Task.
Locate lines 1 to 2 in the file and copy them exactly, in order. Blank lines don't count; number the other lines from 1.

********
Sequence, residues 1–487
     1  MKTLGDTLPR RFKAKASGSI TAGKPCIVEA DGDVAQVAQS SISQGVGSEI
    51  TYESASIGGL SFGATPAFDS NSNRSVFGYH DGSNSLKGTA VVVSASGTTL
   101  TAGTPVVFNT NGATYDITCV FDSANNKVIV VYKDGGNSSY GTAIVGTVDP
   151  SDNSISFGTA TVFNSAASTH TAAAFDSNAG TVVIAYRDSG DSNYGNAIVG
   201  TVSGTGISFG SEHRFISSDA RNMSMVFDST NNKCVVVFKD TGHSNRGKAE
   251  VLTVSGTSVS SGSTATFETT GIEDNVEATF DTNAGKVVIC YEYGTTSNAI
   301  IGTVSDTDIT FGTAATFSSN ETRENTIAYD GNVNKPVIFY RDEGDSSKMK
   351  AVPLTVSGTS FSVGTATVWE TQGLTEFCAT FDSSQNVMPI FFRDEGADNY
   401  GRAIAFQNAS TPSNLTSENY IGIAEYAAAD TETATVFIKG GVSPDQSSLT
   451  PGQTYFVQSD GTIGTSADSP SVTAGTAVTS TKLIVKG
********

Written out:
Sequence, residues 1–487
     1  MKTLGDTLPR RFKAKASGSI TAGKPCIVEA DGDVAQVAQS SISQGVGSEI